Safety

 

 

Electrical construction is dangerous work. Electrical contractors and workers must always adhere to safety best practices. Just what are those practices? The following articles, listed chronologically by date, document safety measures and practices that help ensure everyone gets home safely at the end of the work day. 

The dog days of summer are upon us. It is vacation season, and employees are likely to spend more time outdoors on home-improvement projects and other leisure activities. With so much emphasis on job safety, it’s easy to forget that most injuries and illnesses actually happen away from work.

I’ve heard it all before. “What were they thinking when they wrote this standard? If I were them, this is how I would have done it.” When it comes to arc flash and electrical safety standards, complaints, armchair quarterbacking and second-guessing follow as soon as the latest edition comes out.

Powered industrial trucks cause approximately 100 fatalities and more than 35,000 serious injuries every year. It is estimated that as many as 25 percent of all accidents involving this type of equipment can be attributed to lack of training.

At many workplaces, driving is a part of everyday life. Unfortunately, more than 1,700 people are killed in occupation-related transportation accidents every year—roughly 40 percent of all on-the-job fatalities. However, safety precautions can be taken to help reduce the number of incidents.


More on Safety

 
Are You Safer at Work?
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Accidents are one of the leading causes of death in the United States, but the majority of accidents do not occur at work.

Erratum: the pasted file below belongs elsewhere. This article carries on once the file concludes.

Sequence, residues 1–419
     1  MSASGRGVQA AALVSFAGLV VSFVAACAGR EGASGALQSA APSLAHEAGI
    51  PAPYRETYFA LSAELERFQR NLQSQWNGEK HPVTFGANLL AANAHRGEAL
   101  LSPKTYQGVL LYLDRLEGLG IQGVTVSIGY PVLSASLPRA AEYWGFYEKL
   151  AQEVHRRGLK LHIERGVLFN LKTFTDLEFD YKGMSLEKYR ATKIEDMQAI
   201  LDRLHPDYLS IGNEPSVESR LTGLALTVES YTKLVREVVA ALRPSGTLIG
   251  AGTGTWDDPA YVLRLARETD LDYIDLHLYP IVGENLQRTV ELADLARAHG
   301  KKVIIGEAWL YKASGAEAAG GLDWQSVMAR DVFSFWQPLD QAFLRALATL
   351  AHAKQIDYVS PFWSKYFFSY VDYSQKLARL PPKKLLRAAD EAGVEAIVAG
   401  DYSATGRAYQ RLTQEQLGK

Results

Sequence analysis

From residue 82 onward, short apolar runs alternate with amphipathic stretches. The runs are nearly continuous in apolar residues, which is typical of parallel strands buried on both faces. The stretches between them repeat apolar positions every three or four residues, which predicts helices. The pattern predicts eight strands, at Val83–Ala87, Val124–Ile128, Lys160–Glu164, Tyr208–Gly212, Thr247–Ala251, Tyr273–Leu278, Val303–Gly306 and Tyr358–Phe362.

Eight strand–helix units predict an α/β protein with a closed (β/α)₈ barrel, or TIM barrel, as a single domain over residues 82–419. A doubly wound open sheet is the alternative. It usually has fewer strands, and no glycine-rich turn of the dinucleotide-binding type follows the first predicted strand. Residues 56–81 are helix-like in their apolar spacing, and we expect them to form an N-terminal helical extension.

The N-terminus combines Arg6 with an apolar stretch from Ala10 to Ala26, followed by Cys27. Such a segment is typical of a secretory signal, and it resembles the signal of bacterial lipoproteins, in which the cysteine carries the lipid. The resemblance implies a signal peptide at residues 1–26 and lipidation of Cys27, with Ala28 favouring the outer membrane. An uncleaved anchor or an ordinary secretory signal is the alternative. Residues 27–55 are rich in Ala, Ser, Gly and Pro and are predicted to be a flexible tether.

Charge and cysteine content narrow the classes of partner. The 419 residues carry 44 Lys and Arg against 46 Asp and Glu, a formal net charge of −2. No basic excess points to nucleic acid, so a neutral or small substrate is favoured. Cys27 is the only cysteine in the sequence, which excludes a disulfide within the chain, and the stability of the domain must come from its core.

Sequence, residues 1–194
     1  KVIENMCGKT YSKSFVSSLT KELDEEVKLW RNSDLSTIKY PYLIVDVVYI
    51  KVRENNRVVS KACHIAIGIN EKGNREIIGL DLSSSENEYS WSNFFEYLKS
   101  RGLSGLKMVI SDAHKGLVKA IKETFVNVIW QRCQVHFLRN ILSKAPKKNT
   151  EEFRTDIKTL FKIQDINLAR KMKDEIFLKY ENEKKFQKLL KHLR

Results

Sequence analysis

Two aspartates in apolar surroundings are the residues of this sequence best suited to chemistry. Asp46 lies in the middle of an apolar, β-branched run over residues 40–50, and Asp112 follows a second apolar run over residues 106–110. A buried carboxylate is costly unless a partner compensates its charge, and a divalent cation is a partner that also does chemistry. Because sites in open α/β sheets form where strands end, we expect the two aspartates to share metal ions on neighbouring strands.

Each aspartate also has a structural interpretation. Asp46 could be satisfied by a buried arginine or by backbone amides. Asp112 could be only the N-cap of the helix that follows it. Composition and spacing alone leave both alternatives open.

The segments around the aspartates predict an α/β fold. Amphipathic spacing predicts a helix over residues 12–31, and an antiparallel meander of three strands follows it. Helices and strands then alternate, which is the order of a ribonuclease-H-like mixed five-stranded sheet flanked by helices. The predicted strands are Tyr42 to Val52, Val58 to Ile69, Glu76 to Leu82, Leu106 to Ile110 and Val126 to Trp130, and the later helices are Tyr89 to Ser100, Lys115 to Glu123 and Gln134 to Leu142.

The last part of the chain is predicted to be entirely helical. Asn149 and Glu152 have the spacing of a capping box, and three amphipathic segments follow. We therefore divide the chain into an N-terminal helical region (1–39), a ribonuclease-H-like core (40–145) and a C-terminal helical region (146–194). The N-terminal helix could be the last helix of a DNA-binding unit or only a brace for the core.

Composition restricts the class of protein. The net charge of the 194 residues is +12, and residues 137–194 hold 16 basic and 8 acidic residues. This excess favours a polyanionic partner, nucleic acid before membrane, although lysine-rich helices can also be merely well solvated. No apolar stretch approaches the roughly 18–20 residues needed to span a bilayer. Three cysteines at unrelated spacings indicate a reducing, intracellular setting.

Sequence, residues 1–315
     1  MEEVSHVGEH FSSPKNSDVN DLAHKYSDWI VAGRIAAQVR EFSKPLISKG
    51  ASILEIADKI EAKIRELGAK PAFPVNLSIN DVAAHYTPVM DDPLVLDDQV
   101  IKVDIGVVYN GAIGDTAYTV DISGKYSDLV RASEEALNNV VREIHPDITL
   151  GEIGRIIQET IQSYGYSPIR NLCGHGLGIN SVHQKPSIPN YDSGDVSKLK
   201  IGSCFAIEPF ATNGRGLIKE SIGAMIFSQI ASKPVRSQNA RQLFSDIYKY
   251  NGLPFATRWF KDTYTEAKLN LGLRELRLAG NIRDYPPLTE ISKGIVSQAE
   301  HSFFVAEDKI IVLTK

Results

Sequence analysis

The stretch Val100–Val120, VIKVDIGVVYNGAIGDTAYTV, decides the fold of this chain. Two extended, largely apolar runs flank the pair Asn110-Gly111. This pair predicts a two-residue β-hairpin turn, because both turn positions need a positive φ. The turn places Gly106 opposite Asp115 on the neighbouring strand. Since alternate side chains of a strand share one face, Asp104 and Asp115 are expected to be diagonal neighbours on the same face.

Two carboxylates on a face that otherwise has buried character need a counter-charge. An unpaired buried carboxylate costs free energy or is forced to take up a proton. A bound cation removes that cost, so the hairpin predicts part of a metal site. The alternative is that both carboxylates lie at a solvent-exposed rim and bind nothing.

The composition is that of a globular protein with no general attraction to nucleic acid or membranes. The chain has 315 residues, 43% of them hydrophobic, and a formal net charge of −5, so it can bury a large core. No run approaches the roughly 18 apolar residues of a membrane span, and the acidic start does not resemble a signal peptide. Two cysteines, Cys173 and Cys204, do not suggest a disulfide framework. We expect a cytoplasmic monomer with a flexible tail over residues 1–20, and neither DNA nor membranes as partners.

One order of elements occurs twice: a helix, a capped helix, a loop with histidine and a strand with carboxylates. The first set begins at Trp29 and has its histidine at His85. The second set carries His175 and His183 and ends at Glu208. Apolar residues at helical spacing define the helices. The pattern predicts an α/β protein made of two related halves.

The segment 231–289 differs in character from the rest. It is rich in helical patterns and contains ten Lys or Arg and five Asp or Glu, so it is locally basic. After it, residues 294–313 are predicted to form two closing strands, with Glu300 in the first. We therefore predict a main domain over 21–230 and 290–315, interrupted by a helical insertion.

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Disaster After the Disaster?
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Soon it will be one year since Hurricanes Katrina and Rita struck New Orleans and the Mississippi Gulf Coast, causing devastating flooding. While recovery continues at a frustratingly slow pace, a new hurricane season approaches.

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Safety Consciousness
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When you have employees, there are definite benefits to focusing on safety in your company’s culture. If safety measures are defined and followed, employees feel more secure and are more productive.

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Safety Links, Files and Applications: Exploring the OSHA Web Site
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Since 1970, when the Occupational Safety and Health Administration (OSHA) was established, it seems as though there has been no end to the addition or changing of regulations. Fortunately, time has provided advances in technology to cope with the growing number of requirements.

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OSHA Paperwork Compliance
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In previous years, the horror stories of Occupational Safety and Health Administration (OSHA) paperwork violations were overwhelming. For example, Material Safety Data Sheets (MSDS) citations to contractors for simple items such as rebar and dishwashing liquid went missing.

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Who's Responsible for Fall Protection?
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The North Carolina Occupational Safety and Health Administration (NCOSHA) Division of Safety Research investigated the fatal fall of an electrical mechanic. The mechanic had fallen through an unguarded floor opening.

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Working Hot
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Time and again, electricians are told to deenergize for compliance and safety. Of course, there are exceptions. The question is what justifies an exception. Answering this requires a review of the regulation. To apply it to real life, one needs something more thought-provoking.

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